Scientists discover new material that makes objects invisible to touch

You're looking at a new awesome nano-material invented that does the seemingly impossible: It hides things from touch. Just a thin layer of this amazing polymer will hide anything under it from being perceived by your sense of touch. In this photo you can see how it "absorbs" a metal cylinder.

How is this magic possible?

According to the the scientists at the Karlsruhe Institute of Technology, this "crystalline material structured with sub-micrometer accuracy [...] consists of needle-shaped cones, whose tips meet." It perfectly adapts and absorbs the shape of anything under it.

The metamaterial structure directs the forces of the touching finger such that the cylinder is hidden completely.

Not only your finger won't be able to detect it, but a force feedback measurement instrument will fail too. According to Tiemo Bückmann, the lead scientists in the project, "it is like in Hans-Christian Andersen's fairy tale about the princess and the pea. The princess feels the pea in spite of the mattresses. When using our new material, however, one mattress would be sufficient for the princess to sleep well."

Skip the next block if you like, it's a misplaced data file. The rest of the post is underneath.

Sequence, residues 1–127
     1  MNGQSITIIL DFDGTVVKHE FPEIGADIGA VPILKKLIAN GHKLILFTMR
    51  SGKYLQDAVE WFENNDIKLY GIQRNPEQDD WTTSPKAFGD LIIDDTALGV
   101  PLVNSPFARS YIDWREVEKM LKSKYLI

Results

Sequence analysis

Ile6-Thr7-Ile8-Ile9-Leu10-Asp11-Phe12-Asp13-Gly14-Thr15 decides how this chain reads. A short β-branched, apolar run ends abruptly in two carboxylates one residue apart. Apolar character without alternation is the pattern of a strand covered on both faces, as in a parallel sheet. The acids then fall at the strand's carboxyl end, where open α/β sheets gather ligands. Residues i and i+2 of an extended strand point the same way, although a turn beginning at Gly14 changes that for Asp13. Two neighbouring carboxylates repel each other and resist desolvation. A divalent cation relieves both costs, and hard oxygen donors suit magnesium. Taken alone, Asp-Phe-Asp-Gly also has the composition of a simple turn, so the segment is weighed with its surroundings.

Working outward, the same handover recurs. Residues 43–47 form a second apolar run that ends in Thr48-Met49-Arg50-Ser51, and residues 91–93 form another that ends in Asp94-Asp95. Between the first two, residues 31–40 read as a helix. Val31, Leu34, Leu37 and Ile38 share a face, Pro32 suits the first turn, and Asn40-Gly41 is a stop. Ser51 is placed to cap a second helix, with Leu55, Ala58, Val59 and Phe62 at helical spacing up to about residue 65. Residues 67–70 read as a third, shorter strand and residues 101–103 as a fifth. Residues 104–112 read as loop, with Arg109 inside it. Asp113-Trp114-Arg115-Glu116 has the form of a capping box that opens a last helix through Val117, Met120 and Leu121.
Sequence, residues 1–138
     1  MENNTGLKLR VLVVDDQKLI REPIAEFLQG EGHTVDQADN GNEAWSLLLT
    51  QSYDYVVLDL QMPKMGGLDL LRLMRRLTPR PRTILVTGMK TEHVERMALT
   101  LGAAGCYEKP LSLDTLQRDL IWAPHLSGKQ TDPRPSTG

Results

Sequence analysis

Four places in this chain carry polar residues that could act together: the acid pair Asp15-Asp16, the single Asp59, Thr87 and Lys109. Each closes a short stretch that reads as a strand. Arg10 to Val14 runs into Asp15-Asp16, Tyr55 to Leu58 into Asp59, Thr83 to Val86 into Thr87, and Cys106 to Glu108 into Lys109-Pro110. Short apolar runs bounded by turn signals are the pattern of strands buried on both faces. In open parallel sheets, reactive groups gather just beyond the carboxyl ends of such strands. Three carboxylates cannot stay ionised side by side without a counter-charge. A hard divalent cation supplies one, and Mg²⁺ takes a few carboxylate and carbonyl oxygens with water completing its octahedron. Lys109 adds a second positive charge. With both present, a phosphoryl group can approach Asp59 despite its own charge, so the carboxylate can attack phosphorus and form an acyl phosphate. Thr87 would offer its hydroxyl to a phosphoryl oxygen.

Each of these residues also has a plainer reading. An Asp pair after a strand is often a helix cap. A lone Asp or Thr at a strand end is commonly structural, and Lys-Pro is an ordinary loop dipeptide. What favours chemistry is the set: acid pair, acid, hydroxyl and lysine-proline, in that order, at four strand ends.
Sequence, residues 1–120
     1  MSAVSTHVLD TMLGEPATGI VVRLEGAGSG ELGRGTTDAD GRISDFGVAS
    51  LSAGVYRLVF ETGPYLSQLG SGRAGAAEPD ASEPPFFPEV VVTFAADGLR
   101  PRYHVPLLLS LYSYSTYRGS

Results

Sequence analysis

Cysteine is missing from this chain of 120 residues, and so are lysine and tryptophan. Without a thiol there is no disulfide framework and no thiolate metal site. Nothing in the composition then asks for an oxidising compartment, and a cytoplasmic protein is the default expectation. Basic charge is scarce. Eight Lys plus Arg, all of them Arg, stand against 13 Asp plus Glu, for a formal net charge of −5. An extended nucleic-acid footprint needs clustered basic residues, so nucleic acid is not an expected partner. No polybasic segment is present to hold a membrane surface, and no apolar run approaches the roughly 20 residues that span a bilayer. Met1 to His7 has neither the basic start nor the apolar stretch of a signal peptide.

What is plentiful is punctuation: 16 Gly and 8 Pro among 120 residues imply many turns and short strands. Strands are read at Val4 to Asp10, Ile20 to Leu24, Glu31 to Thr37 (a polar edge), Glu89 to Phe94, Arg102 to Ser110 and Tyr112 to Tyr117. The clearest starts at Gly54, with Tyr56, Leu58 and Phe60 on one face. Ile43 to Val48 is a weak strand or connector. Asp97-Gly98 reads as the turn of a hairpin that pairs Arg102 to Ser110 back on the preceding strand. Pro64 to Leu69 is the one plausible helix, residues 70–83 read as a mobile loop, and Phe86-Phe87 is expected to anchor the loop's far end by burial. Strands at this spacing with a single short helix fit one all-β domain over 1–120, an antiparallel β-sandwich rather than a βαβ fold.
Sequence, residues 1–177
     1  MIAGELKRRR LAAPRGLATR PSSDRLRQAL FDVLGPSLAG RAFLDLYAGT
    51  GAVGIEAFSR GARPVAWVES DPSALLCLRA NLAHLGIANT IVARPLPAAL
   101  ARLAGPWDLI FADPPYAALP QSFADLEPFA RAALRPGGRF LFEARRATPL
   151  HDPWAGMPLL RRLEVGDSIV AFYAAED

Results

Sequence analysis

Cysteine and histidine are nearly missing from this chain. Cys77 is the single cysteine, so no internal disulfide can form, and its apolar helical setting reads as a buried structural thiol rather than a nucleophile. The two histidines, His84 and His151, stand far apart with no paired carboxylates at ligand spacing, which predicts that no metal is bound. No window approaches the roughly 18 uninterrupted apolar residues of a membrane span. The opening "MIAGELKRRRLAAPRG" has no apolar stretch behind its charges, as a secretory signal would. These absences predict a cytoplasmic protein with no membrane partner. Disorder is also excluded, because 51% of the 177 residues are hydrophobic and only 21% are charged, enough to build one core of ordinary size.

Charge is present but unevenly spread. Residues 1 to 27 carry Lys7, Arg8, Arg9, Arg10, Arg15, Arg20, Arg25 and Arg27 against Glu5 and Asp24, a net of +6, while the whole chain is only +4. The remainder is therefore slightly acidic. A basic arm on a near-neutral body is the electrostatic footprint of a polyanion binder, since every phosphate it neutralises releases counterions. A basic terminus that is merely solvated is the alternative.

What does this mean in real life?

The Karlsruhe Institute of Technology claims that the material was developed for purely experimental purposes, "but might open up the door to interesting applications in a few years from now, as it allows for producing materials with freely selectable mechanical properties. Examples are very thin, light, and still comfortable camping mattresses or carpets hiding cables and pipelines below."

I like that. Carpets that can perfectly hide cables is something I'd pay money for. And I'd love a camping blanket that perfectly absorbs any rock and twig on the ground, leaving a smooth surface to sleep on.


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